The presence of contaminant materials in textiles
usually takes one of two forms; Either the unwanted component is
suspected in the raw material, which it will devalue, (e.g. wool
contamination in cashmere) or the contaminant passes unnoticed
through processing until the final product is dyed or finished,
where it becomes immediately obvious (e.g. polyolefin contamination
in natural fibre materials.
The presence of contaminants can devalue products
and materials to a significant degree. In textiles, such contaminants
may be incompatible fibres, raw material irregularities or foreign
matter. For other products, metals, plastic components, webs etc.,
the contaminant may be of an isolated particulate nature, or a
surface coating. Using light and electron microscopy such contaminants
may be identified and their likely origins suggested;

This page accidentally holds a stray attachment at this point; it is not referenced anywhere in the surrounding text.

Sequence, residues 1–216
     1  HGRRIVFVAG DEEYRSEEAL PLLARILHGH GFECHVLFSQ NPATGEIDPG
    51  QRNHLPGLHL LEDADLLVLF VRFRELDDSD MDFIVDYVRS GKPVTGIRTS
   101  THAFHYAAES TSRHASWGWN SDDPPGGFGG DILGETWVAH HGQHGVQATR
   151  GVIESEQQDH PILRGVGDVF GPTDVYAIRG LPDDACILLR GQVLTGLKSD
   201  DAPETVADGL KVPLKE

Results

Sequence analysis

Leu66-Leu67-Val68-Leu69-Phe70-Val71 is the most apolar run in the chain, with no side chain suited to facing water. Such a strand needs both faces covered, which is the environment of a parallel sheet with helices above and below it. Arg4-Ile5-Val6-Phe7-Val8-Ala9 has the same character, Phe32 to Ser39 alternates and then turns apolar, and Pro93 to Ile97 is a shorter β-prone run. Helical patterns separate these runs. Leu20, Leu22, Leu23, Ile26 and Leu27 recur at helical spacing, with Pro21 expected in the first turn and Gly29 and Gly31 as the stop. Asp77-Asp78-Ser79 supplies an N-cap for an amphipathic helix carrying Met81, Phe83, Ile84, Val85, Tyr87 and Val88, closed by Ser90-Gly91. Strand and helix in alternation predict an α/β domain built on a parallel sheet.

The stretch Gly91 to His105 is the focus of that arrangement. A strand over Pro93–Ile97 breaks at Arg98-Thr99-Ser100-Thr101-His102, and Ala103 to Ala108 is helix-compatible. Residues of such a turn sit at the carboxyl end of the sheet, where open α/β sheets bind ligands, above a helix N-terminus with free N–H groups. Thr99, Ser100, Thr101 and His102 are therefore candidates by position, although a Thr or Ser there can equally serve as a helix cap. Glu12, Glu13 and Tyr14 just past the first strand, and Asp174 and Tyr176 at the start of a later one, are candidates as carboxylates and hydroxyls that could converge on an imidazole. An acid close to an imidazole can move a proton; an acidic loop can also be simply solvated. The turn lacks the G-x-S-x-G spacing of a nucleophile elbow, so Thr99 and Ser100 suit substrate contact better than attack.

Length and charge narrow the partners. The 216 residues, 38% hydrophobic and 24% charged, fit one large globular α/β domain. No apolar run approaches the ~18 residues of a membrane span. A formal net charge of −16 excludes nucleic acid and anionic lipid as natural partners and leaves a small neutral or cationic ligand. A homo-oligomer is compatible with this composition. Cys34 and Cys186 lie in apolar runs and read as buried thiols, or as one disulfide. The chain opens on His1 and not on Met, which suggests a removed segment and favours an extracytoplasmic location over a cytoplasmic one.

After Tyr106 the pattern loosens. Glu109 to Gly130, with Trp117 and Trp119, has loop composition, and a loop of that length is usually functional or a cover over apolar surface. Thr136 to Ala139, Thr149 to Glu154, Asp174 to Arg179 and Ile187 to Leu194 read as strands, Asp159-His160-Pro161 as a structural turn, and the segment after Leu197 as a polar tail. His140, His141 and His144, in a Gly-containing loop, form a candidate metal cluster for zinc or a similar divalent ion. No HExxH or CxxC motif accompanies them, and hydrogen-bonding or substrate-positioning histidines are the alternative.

Examples of contaminants in textiles and other
materials may be;
Dark hairs, polyolefin packing materials,
vegetable matter, extraneous fibre types, non-fibrous matter, oxidation
products or moulds, extraneous coatings which impair processes
(e.g. cause dye resists), localised damaged areas and fugitive
For many reports or demonstrations, photo or
electron micrographs are and invaluable means of supplementing
written descriptions. A series of magnified images of a feature
or product can offer indisputable proof of the subject under study.
The understanding of an effect or a structure can be greatly enhanced
by having pictorial images to supplement written or spoken descriptions.
Light micrographs can show colour effects, internal structures
and reflected light features, while scanning electron micrographs
(SEM) are able to show surface features in great depth of field
and with superior resolution. The SEM can also be used to obtain
elemental information and it is possible to produce ‘x-ray
maps’ of the composition of a material or surface.
Areas where such pictures may be of value include;
Demonstration or teaching, legal evidence,
advertising and publicity, forensic science, report supplements.